Ius Gentium

University of Baltimore School of Law's Center for International and Comparative Law Fellows discuss international and comparative legal issues

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Ireland and Poland: Two Catholic Nations, Two Views on Abortion

Jasmine Pope

“No woman can call herself free who does not control her own body.”
– Margaret Sanger

Ireland and Poland are both predominately Catholic nations and the Catholic Church views abortion as a grave sin. It is no wonder, therefore, that, the issue of abortion has been at the forefront of these two countries’ political agendas recently. Irish and Polish men and women alike have gathered on either side of the debate: pro-choice or pro-life.

The Situation in Ireland      


On September 7, 1983, by a vote of sixty-seven percent to thirty-three percent, Ireland amended its Constitution to include what is referred to as the Eighth Amendment. Ireland’s Eighth Amendment, “acknowledge[s] the right to life of the unborn and, with due regard to the equal right to life of the mother, guarantees in its laws to respect, and as far as practicable, but its laws to defend and vindicate that right.”[i] While the Eighth Amendment does not specifically mention the word abortion, the Amendment essentially criminalizes abortion, under any and all circumstances. While there are other countries that mention the right to life in their Constitution, Ireland’s goes so far as to “give the unborn an equal right to life with a conscious, sentient, thinking, feeling woman.”[ii]

The Situation in Poland


Poland, also a predominately Catholic nation voted not to back a total abortion ban. Thousands of women and men protested in the streets of Warsaw against a legislative proposal for a total ban on abortion.[iii] The proposed legislation would have implemented a ban, even in instances of rape, incest, and when the mother’s life was at risk.[iv] The Minister of Science and Higher Education, Jaroslaw Gowin, states that the protests “have caused us to think and taught us humility.”[v] This is not to say that Poland is completely pro-choice on abortion. Many Polish women end up seeking abortions in Germany or other neighboring European countries because Poland only allows for abortion in the narrow instances previously mentioned. But Poland, unlike Ireland, does not seek to constitutionally implement a total ban on abortion. However, the proposed law would make abortion a criminal offense with a prison term for both the doctor and the woman.[vi]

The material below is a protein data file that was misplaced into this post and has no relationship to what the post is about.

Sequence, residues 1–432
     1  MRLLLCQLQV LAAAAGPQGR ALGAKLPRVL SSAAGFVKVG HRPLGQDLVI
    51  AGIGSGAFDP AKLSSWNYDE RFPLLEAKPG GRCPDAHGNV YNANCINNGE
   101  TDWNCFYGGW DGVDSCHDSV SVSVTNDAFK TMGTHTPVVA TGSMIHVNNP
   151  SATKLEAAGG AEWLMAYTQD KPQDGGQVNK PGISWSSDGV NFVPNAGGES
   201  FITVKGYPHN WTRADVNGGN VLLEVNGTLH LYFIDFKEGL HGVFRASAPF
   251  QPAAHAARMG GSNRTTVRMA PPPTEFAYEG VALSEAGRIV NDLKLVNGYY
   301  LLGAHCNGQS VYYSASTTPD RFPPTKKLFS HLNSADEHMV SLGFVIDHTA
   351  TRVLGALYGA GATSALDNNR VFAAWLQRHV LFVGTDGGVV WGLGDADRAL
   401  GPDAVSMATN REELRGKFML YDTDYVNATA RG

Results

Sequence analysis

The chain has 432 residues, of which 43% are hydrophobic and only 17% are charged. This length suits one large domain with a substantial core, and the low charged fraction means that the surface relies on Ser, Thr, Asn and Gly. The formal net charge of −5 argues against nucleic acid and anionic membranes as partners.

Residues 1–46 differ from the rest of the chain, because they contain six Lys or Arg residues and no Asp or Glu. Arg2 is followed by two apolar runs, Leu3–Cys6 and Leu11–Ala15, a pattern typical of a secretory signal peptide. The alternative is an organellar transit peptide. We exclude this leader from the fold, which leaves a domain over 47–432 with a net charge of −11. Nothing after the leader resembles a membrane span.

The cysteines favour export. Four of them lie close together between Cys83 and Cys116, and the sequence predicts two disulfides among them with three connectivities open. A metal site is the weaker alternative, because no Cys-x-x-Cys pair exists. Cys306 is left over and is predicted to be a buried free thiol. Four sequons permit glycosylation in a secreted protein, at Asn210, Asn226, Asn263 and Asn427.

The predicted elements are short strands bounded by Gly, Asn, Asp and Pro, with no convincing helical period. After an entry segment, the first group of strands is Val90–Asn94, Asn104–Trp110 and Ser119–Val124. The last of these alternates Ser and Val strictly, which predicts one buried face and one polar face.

International law implications?

Ireland and Poland are both parties to the Convention on the Elimination of All Forms of Discrimination Against Women (CEDAW). Article 12, the Right to Health, of CEDAW states that “States parties shall take all appropriate measures to eliminate discrimination against women in the field of health care … States Parties shall ensure to women appropriate services in connection with pregnancy…”[vii] Ireland and Poland are both parties to the European Convention of Human Rights (ECHR). Within the ECHR there is the Right to Life (Article 2) and the Right to Respect for Private and Family Life (Article 8). Article 8 states that “there shall be no interference by a public authority with the exercise of this right.”[viii] Therefore, in light of the purposes of CEDAW and ECHR, does Ireland and/or Poland’s abortion laws violate their international law obligations under these conventions?